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Baby Thistle Weed 
Stitch Guide Companion

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I created this series of videos to compliment the Stitch Guide that comes with your embroidery kit.
I found it difficult to position the camera to take the clearest images whilst also being able to see what I was doing but I hope that the videos are helpful.

In the meantime I'll be working on my video skills...

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Each link will take you to a short video showing the progress of the stitch indicated in the pictures.

You will have to come back to this page to find the link for the next video.


STITCHES USED: Basket Stitch*, Satin Stitch, Leaf Stitch, Daisy Stitch, Double Cross Stitch, Random Seed Stitch. Random Long and Short Stitch, Stem Stitch, Fishbone Stitch, Back Stitch, Split Stitch and the French Knot.


*NOTE To keep the edges of your basket stitch neat you can sew a stem stitch or back stitch around the shape that you are going to fill. This is not necessary but you might find that you like the finished look of the stitch more. 


Some Notes: 

I hadn't realized that I held my embroidery hoop so close to my chest as I'm sewing. I found it difficult sewing at arms length to center the work for the video. I couldn't see where I was placing the needle and had particular trouble, as you can probably tell, videoing the French Knot which goes almost out of view.

Sorry 😬

I used to make my French Knots pointing the needle down, toward the fabric, and always had trouble keeping the stitch from collapsing through the fabric. I recently saw a video where the needle was pointing up, away from the fabric and I've had no trouble since.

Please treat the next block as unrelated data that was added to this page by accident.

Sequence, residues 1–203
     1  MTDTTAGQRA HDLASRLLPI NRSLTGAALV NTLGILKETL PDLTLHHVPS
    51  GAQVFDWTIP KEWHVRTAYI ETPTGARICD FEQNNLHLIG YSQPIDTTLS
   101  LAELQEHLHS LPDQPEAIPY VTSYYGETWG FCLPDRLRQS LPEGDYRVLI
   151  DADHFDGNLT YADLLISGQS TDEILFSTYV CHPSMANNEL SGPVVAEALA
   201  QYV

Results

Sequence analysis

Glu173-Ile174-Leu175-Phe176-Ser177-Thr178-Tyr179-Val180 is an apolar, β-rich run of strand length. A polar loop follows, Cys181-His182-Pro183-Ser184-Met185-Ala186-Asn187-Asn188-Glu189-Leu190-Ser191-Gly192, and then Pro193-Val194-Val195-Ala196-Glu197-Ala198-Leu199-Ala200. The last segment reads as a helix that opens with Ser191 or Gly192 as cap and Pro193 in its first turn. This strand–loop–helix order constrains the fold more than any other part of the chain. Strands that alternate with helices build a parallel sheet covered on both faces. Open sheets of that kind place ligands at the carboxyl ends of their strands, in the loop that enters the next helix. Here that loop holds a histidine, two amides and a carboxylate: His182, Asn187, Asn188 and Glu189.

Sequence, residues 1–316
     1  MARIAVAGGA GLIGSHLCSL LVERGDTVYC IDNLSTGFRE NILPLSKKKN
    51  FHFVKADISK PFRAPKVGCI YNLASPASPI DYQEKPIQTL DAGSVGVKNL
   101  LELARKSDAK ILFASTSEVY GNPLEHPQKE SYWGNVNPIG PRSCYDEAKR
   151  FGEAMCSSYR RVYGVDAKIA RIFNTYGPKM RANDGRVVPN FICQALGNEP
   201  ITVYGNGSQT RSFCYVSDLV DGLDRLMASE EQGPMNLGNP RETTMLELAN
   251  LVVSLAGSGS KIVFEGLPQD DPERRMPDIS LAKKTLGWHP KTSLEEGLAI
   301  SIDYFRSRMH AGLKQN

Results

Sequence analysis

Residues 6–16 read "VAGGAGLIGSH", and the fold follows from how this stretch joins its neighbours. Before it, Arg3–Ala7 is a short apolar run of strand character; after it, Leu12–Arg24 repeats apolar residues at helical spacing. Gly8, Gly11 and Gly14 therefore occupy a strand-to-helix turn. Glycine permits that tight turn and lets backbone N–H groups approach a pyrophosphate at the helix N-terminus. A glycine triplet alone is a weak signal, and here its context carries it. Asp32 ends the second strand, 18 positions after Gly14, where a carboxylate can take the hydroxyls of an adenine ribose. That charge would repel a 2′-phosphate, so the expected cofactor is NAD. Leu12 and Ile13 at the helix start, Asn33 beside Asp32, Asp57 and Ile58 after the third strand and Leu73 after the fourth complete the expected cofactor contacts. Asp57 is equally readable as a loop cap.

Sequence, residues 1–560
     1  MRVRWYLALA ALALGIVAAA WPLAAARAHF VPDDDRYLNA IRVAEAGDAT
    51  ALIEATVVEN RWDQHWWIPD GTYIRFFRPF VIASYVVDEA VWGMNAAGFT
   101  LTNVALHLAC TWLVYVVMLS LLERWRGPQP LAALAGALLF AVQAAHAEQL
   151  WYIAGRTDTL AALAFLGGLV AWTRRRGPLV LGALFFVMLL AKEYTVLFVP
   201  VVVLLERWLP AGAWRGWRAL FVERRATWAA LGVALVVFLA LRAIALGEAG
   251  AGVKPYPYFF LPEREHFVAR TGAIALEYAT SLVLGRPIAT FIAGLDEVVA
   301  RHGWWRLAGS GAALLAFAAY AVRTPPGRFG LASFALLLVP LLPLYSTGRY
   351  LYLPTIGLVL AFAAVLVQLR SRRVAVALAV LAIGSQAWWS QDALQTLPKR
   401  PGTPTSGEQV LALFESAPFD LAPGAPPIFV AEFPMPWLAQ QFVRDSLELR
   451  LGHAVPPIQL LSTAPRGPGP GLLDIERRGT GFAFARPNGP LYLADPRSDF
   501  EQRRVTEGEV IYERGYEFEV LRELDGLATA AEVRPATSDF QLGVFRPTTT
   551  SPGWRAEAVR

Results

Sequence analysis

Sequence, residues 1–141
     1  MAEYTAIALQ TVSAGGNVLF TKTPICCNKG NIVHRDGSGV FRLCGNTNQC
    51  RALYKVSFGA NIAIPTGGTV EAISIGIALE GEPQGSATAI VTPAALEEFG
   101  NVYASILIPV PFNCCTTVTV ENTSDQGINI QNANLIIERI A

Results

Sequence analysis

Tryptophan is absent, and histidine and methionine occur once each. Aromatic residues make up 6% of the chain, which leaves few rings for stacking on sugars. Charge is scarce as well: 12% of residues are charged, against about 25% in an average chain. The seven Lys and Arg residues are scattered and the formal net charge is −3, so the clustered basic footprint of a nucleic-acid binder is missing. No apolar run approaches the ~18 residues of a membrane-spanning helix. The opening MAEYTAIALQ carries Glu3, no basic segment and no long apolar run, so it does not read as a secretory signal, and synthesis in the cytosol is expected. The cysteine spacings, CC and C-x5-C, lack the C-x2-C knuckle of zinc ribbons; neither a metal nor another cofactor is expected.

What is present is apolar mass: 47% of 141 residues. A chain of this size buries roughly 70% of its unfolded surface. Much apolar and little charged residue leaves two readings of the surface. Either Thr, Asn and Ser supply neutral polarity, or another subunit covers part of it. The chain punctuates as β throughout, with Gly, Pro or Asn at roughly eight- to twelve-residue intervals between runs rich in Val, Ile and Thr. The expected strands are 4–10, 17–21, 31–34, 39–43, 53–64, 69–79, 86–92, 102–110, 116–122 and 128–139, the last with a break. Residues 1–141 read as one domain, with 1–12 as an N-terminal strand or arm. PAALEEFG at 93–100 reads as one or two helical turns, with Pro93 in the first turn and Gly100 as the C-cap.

The Double Cross Stitch may, or may not, have just two stitches. The bud shape in my sewing example was fairly large and I think I put more than two in. The idea is to fill the area with a nice 'cross' stitch pattern.

And finally, these videos are for beginners. Experienced sewers may find them annoying, especially with the poking around not being able to see where the needle's going thing 🙄

There are a lot of better videos of the stitches I use on the Internet, I just wanted to make sure that absolute beginners had at least something they can refer to.

I used three threads of floss in the examples above except for the Split Stitch where I used six. You can use as many threads as you like bearing in mind that the results will vary. If you are new to a stitch, or to how it will look with different amounts of thread, it may serve you to practice the stitch on a spare piece of fabric before you start.

If you have purchased a kit from me (thank you 😊) you will have received a Stitch Guide booklet which explains in more detail how a stitch is made.

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